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One company is attempting reforestation with an innovative business model. Investors can track the coveted trees using digital IDs. Their money goes to plant new trees that won't be harvested.

A new, national report on state-funded pre-K sends a few mixed messages: Enrollment and funding are up ... but in many places still remarkably low.

With so many restrictions on their movements, it has never been easy for Saudi women to join the workforce. But the Internet has opened up a new range of opportunities to work from home.

The 2,073-foot-tall Shanghai Tower will be the world's second-tallest building when it opens this year. More than just a skyscraper, it's a symbol of Shanghai's — and China's — soaring ambitions.

Women who choose to raise their children out of wedlock are so rare in South Korean society that they face social ostracization, job losses and active encouragement to adopt out their kids.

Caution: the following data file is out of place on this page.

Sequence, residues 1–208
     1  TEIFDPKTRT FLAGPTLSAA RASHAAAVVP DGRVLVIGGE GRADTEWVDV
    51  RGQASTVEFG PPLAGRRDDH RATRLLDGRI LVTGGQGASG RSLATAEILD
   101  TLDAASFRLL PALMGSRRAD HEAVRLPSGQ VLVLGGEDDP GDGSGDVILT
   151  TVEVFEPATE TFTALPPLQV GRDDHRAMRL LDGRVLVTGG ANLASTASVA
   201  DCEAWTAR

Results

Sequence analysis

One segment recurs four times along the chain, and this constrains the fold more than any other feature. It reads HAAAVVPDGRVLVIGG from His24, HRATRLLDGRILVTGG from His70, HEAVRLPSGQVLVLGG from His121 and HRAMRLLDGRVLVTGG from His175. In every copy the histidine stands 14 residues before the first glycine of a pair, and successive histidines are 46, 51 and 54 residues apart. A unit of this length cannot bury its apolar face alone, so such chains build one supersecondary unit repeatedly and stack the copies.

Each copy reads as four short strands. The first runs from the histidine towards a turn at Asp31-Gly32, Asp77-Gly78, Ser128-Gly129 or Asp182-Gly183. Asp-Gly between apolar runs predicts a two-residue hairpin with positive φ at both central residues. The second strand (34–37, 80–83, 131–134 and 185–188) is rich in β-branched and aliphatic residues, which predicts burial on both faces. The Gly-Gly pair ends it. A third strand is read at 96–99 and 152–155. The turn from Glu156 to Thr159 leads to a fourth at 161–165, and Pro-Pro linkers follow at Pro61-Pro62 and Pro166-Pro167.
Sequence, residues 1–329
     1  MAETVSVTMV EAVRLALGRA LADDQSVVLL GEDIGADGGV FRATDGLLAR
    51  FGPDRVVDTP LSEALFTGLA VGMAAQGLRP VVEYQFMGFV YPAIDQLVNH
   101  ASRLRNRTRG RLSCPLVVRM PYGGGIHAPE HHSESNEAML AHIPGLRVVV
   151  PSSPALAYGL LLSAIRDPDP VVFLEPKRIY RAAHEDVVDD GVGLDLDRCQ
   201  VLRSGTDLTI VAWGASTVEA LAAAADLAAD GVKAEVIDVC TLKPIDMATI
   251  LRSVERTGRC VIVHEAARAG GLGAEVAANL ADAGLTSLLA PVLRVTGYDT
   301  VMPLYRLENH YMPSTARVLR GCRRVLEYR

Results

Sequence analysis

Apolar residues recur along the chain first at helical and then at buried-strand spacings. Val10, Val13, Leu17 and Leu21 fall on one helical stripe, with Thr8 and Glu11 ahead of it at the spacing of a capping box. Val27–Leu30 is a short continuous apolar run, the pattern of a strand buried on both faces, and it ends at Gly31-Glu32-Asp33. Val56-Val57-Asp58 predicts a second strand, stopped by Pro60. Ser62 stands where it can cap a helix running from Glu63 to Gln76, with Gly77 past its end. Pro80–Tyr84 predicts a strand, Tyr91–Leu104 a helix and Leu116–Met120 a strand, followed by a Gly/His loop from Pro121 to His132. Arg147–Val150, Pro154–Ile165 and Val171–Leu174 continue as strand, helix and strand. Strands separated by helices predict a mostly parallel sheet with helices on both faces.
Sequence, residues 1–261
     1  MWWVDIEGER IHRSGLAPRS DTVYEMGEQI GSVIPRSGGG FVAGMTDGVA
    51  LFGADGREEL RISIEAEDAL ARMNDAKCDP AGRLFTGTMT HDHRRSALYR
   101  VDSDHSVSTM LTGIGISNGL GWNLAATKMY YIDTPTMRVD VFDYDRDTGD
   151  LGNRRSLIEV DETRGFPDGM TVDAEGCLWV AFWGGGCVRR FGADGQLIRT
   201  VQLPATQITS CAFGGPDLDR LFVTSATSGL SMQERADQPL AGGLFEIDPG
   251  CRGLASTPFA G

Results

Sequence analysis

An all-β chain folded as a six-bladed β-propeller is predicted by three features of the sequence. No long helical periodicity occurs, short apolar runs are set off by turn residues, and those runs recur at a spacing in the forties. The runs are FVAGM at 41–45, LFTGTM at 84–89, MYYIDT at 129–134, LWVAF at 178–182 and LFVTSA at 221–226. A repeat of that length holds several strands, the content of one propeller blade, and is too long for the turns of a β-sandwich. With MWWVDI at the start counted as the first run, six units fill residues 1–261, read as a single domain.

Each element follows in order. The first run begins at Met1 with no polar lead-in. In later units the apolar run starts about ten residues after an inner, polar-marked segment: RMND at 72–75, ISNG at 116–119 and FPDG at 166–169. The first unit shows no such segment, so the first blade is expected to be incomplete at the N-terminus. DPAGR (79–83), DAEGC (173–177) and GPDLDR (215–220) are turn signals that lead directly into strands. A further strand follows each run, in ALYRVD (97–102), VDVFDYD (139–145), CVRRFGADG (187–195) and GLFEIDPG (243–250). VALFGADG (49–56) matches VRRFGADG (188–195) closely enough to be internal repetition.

Older Palestinians can enter Israel without prior authorization; 100 Palestinian doctors are now permitted to drive to work. An Israeli officer describes these modest policy changes as an experiment.

It's a nightmarish job: No exercise or fresh air and little food and sleep for days at a time, all in an effort to persuade 200 countries to save Earth's climate and the planet. Can they do it?

Each year more than 12 million Americans go to the doctor because of severe, chronic headaches. Many are sent for expensive tests. Researchers say all this testing isn't doing people much good.

Self-driving cars are hot news, with Google and others showing off their latest innovations. Now expand that concept from four to 18 wheels, and you get the Freightliner Inspiration.

Bill Clinton won Arkansas twice when he ran for president. The state's politics have taken a dramatic turn to the right since, but some in his hometown like the idea of Clinton as first gentleman.




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